At this point, it’s too late. The ship has sailed. While you were lost in the search for “artistic growth”, the one thing that made you you was lost… and so was your audience.

On the other side of things, you’ve got bands like Bad Religion and Pennywise (both punk bands) that’ve been putting out the same record for years now (and in the case of Bad Religion, decades). You know what to expect from these bands, and that isn’t boring. It’s comforting. One of the things that people hate the most is change. One of the things that people get the most enjoyment from is music. If you’re making music that people love, why mess that up? Another good example is The Birthday Massacre. I love them, and I’ve bought every record they’ve put out. They have a very distinct sound… if you’ve heard them before, you can listen to 10 seconds of a song and pretty much know it’s them. They have a new record releasing in October, and I’m confident that I know what it’s going to sound like. Likewise, I’m confident that they’ll be receiving my money for their efforts.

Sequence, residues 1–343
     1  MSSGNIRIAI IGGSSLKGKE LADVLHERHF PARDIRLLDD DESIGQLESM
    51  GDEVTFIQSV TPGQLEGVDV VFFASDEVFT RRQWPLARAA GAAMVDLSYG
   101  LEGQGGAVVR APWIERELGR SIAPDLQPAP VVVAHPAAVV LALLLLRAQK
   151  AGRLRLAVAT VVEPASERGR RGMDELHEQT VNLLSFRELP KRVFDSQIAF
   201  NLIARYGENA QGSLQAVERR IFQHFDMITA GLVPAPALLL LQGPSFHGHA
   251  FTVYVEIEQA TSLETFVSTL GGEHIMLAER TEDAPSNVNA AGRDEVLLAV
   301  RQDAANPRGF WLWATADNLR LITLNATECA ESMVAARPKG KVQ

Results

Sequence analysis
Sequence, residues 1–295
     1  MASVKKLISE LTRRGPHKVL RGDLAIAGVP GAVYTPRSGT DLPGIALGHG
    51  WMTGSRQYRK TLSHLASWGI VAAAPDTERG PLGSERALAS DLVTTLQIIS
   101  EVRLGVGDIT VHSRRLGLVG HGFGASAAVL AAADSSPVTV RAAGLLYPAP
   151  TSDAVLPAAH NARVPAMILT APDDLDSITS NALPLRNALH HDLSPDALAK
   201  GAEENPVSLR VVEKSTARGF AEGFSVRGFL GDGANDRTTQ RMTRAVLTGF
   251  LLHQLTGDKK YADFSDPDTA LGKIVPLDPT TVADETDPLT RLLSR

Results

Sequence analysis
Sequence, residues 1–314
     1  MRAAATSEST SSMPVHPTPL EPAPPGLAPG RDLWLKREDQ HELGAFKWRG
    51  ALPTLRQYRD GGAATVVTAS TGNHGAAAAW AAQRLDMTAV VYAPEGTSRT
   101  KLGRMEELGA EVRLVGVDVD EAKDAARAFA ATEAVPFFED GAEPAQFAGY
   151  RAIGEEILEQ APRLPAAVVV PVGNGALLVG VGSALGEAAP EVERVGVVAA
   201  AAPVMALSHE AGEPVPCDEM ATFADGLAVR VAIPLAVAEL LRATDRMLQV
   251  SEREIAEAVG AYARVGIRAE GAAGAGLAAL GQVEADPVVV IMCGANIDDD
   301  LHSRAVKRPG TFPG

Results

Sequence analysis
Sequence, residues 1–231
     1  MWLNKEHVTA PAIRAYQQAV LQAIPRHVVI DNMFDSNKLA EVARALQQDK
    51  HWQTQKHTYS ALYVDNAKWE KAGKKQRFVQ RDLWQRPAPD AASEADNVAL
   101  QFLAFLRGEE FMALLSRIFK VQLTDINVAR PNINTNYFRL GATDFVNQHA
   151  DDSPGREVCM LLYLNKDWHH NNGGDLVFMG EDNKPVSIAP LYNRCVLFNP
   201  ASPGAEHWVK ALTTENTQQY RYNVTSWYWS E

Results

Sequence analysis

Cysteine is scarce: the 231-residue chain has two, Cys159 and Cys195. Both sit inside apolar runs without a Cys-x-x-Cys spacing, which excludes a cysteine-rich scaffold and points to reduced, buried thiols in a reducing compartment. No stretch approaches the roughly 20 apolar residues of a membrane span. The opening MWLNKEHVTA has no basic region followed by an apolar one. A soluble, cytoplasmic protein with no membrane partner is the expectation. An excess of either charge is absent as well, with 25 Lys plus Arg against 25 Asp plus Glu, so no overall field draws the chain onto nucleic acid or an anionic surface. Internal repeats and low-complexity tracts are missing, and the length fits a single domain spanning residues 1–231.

As a consumer and a lover of music, the only thing that makes me feel worse than thinking about the current state of music is when a band that I love puts out a record I don’t recognize. It’s like you’ve bumped into a dear friend from a few years back, but they’ve changed into something completely different and… bad. Suddenly, you don’t want to be friends with them anymore, and honestly, you’re just a tad embarrassed that you were ever their friend to begin with.

I would ask this of all bands: don’t make us ashamed to have been your friends. We love you for who you are. To quote everyone’s yearbook, “Don’t ever change!”